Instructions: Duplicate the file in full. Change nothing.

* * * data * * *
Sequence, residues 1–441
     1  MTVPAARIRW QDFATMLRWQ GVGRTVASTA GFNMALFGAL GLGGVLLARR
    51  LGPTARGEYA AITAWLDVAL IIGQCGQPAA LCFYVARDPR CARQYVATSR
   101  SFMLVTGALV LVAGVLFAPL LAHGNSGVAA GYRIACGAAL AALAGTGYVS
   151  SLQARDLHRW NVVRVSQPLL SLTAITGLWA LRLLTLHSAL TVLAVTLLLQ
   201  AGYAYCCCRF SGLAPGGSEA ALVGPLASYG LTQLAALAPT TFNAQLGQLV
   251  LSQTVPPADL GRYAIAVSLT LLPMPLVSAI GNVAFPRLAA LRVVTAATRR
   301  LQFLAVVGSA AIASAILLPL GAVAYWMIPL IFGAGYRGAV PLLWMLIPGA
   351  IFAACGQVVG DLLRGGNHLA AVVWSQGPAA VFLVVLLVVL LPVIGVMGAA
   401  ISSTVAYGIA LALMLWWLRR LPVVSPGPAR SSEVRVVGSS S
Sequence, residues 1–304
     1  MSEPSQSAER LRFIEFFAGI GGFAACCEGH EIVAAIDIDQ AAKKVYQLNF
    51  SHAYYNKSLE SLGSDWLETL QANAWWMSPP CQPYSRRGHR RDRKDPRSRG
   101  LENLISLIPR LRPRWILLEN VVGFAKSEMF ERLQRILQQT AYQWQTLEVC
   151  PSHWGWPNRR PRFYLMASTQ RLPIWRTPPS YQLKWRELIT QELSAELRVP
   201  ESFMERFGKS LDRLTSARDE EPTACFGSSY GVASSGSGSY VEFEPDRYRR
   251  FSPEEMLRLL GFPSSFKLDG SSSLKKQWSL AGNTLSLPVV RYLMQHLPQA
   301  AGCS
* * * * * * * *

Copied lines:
Sequence, residues 1–441
     1  MTVPAARIRW QDFATMLRWQ GVGRTVASTA GFNMALFGAL GLGGVLLARR
    51  LGPTARGEYA AITAWLDVAL IIGQCGQPAA LCFYVARDPR CARQYVATSR
   101  SFMLVTGALV LVAGVLFAPL LAHGNSGVAA GYRIACGAAL AALAGTGYVS
   151  SLQARDLHRW NVVRVSQPLL SLTAITGLWA LRLLTLHSAL TVLAVTLLLQ
   201  AGYAYCCCRF SGLAPGGSEA ALVGPLASYG LTQLAALAPT TFNAQLGQLV
   251  LSQTVPPADL GRYAIAVSLT LLPMPLVSAI GNVAFPRLAA LRVVTAATRR
   301  LQFLAVVGSA AIASAILLPL GAVAYWMIPL IFGAGYRGAV PLLWMLIPGA
   351  IFAACGQVVG DLLRGGNHLA AVVWSQGPAA VFLVVLLVVL LPVIGVMGAA
   401  ISSTVAYGIA LALMLWWLRR LPVVSPGPAR SSEVRVVGSS S
Sequence, residues 1–304
     1  MSEPSQSAER LRFIEFFAGI GGFAACCEGH EIVAAIDIDQ AAKKVYQLNF
    51  SHAYYNKSLE SLGSDWLETL QANAWWMSPP CQPYSRRGHR RDRKDPRSRG
   101  LENLISLIPR LRPRWILLEN VVGFAKSEMF ERLQRILQQT AYQWQTLEVC
   151  PSHWGWPNRR PRFYLMASTQ RLPIWRTPPS YQLKWRELIT QELSAELRVP
   201  ESFMERFGKS LDRLTSARDE EPTACFGSSY GVASSGSGSY VEFEPDRYRR
   251  FSPEEMLRLL GFPSSFKLDG SSSLKKQWSL AGNTLSLPVV RYLMQHLPQA
   301  AGCS